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History of Tae Kwon Do

Extracts from this document...

Introduction

Tae Kwon Do History and Its Tenets Peter S. Hou May 2, 2004 History of Tae Kwon Do Tae Kwon Do, literally translating to "the way of feet and hands," is a Korean martial art having endured about two thousand years of evolution. As with all other disciplines, it is very important for the practitioners of Tae Kwon Do to be familiar with its history, hence to increase understanding and respect of this art. However, we also must understand that many of the recorded ancient stories could be inaccurate, different schools of thought may have rewritten the history to fit their own agendas, and that translation inconsistencies could have caused errors. While sources provide all sorts of different factual details, the following is a brief Tae Kwon Do history, summarized from several credible sources to my knowledge. The earliest martial art ever recorded in history was Pankration, a sport that Greeks competed in the Olympics as early as 648 B.C. (Dohrenwend). Along the side was Pyrrhic Dance, a martial art dance that was somewhat similar to modern poomse. Alexander the Great was supposedly an enthusiast in Pankration, and his conquests brought this art to India, who, in term, transferred a derivative to China through Buddhist missionaries. Then, the Chinese were very likely to have spread some of their martial arts, along with other cultural components, to neighboring countries such as Korea. Historians confirmed that ancient Chinese Chuan Fa and Korean Taek Kyon being very similar (Dohrenwend). However, to say that the whole world's martial arts were all originated in Greece could be rather far-fetched, and impossible to prove. Therefore, most Tae Kwon Do historians begin their stories with the three kingdoms in Korea. Two thousand years ago, Korea was consisted of three rival kingdoms - Koguryo (37 B.C. ~ 668 A.D.), Silla (57 B.C. ~ 935 A.D.), and Baekjae (18 B.C. ~ 600 A.D.) ...read more.

Middle

Before we have enough internal self-control to use them, we do not deserve to learn the physical skills. * Indomitable spirit I believe that, what Tae Kwon Do teaches me is not the abilities to destroy an enemy. Instead, it teaches me the courage to go against an enemy who I know can destroy me. A real black belt's body can be defeated, but not his mind. For if one loses his spirit, he gives up even the slightest chance of winning. In my Tae Kwon Do dojang, sometimes I workout continuously to a point of exhaustion, sometimes I get the wind knocked out of my chest, and sometimes I try a technique for a long time and still cannot get it right. The feeling of standing up and continuing to work at it is especially rewarding, because I know my spirit is alive and I will become better. Outside of the dojang, we know that many great people are great because they did not give up hope, even in the most hopeless situations. In fact, the whole human species has been able to survive through long courses of evolution, because our ancestors had indomitable spirits. * Loyalty In ways, loyalty can be seen as the combination of courtesy and perseverance. It is about having faith. A martial art style would not be taught and passed on if its practitioners are not loyal. A company would not prosper if its employees are not loyal. A country would not be wealthy and strong if its citizens are not loyal. On the other hand, the practitioners, employees, and citizens could not benefit from the groups where they belong, if they do not have the right amount of loyalty. It is a very important quality that establishes the relationship between the leader and the follower. * Self-respect "If you want others to respect you, you have to first respect yourself." ...read more.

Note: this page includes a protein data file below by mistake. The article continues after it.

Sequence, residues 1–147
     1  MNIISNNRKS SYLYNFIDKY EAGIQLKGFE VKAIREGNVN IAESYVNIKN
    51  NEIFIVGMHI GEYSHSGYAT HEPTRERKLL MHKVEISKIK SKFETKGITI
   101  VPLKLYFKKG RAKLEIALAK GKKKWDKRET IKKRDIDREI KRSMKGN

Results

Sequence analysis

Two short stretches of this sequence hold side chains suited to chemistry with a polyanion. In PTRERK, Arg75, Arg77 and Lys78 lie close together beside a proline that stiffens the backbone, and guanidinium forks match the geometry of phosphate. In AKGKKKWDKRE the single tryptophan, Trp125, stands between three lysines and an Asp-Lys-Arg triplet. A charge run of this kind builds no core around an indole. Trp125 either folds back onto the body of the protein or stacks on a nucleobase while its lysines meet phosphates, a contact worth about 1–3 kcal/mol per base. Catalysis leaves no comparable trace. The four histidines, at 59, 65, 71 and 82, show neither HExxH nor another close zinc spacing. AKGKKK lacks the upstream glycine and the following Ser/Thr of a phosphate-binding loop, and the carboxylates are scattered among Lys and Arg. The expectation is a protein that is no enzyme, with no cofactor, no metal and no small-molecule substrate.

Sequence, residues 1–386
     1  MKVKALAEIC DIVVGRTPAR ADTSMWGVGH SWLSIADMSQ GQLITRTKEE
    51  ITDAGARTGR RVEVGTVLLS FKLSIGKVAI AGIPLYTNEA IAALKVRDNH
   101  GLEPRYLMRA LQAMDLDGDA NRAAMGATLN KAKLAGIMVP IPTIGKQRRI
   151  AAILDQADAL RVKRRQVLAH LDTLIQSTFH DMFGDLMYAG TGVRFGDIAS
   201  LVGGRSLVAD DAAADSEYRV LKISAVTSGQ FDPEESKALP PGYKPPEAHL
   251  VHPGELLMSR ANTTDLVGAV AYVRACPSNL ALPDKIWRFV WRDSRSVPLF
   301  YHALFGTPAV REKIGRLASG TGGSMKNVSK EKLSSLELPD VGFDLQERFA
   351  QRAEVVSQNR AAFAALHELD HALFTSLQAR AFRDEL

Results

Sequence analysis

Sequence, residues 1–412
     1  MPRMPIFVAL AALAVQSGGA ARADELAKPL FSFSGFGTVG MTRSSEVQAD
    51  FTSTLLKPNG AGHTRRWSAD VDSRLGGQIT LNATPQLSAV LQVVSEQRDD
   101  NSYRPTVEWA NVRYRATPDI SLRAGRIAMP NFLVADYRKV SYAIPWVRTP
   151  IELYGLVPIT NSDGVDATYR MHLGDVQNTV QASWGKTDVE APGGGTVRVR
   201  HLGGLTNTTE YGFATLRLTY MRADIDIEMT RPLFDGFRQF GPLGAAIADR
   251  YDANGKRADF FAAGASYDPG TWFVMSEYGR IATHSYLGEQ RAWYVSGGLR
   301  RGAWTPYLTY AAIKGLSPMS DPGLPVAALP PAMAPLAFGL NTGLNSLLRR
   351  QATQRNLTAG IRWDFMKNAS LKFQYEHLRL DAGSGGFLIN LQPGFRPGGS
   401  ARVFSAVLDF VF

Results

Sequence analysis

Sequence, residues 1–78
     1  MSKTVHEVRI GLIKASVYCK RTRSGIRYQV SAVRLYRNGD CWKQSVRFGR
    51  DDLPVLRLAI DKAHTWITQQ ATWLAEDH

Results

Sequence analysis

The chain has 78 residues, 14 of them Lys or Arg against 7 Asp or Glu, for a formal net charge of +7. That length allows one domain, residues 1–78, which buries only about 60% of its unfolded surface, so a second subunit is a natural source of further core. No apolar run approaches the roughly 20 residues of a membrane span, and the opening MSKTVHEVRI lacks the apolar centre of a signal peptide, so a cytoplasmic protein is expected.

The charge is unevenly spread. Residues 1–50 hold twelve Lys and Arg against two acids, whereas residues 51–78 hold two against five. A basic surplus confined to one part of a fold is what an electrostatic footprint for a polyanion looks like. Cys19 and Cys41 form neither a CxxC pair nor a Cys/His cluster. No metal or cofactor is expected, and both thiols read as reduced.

Conclusion

Objectivity is particularly important for people of power. Teachers need to grade student papers objectively, and judges should examine court cases objectively - because objectivity means fairness and justice. * Humor Humor does not come directly involved in martial arts training. However, it is very important to the martial arts training environment. Because of the aforementioned tenets of Tae Kwon Do such as perseverance, humility, and obedience, the dojang atmosphere can be too serious and boring. We see Tae Kwon Do as a way of life, so we like to make our dojangs more lively. Master Khan has mastered the way to tense up and loosen his belt tests (for I have not been to any class of his) by using his authority and humor. Many other black belts I know can also make the dojang friendly and relaxing with their sense of humor. It is a way of life embraced by many people in many different environments. * Trust Trust is a very important component in a Tae Kwon Do dojang. When we practice self defense and do partner stretch, we expose the weakest parts of our body to our classmates. Similar ideas apply when we spar, kick targets, and condition. We must trust our partners to never take such advantage of us, and trust them to have enough control to not hurt us. For if we lose that trust and would not put ourselves into the exercise, we would never be able to learn certain things. In general, trust is a fundamental quality in any interpersonal relationship. If I do not trust my teachers, I will not learn anything from them; if I do not trust my business partners, I will not make any deal with them; if I do not trust myself, I will never be able to achieve anything. The twenty-five tenets of Tae Kwon Do teach us not only how to be true martial artists, they also teach us how to become better persons. As students of Chung Do Kwan Tae Kwon Do, we will strive to live our lives by these tenets. ...read more.

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